Feeling down? Thinking about taking your life? Your Facebook friends are there to listen to you. The popular social network has recently expanded its anti-suicidal tool making it available in all languages supported by the platform.

Users can react to friends’ posts by flagging them as suicidal thoughts. The platform will provide a number of options according to the severity of the situation. In the worst-case scenarios Facebook's advice is simply to contact the person and alert the 911.

If the user worried about a friend’s post doesn’t know exactly what to do he can refer the case to a team of experts who will evaluate it; in case of apparent risk, they will contact the person providing advice on how to cope with the situation.

A medium to help

Mental health organizations have welcomed the initiative as an opportunity to save lives amid a steady increase in the suicide rate among Americans. The rate increased by 24% between 1999 and 2014.

No Facebook algorithm is involved at any time in the response process. The popular platform, known for using complex algorithms to improve user experience and to deliver advertisements, opted to focus on the human factor as the only one capable of dealing with an issue so deeply related to the human condition.

When it comes to comforting a person contemplating suicide, the social network platform acts a simple medium facilitating human interaction. In this case, Facebook can be considered an example of public service.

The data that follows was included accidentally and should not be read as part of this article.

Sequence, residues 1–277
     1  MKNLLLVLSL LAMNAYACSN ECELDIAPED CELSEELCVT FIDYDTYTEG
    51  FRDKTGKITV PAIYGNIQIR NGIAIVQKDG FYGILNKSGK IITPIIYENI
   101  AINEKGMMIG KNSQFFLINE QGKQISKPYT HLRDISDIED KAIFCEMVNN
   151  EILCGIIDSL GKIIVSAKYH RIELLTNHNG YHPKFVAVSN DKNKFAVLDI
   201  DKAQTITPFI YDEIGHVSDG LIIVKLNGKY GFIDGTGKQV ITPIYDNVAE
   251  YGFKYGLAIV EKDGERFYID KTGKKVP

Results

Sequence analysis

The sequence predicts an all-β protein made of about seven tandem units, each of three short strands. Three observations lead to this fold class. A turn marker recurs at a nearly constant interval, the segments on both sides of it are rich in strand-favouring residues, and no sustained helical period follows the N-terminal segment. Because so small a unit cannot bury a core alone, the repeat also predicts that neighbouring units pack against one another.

Help is a click away

Yet, there is a something more profound. If the medium is the message, what can we learn from the fact that the human interaction is embedded in and funneled by a social media platform?

The binary logic behind the digital media organizes reality in a way that often removes the complexities of the analogic world. It is easy to connect to similar ideas and sensibilities: the well-known echo chamber effect. At the same time, online it is easy to avoid what we do not like. It takes just one click.

Social media made it easier to avoid face-to-face interactions. And not just in a literal sense: the self-image we tend to promote on social media is filtered, desirable and ultimately partial. All the complications are left out. If a member of my family or a colleague at work is passing through a difficult moment, I have to come to terms with it somehow. Not so in the virtual world. Would one click be enough to save a person in despair?

Roberto Capocelli is an intern for the Newsday and amNY editorial boards. This is part of an occasional series of guest amExpress columns. Subscribe at amny.com/amexpress.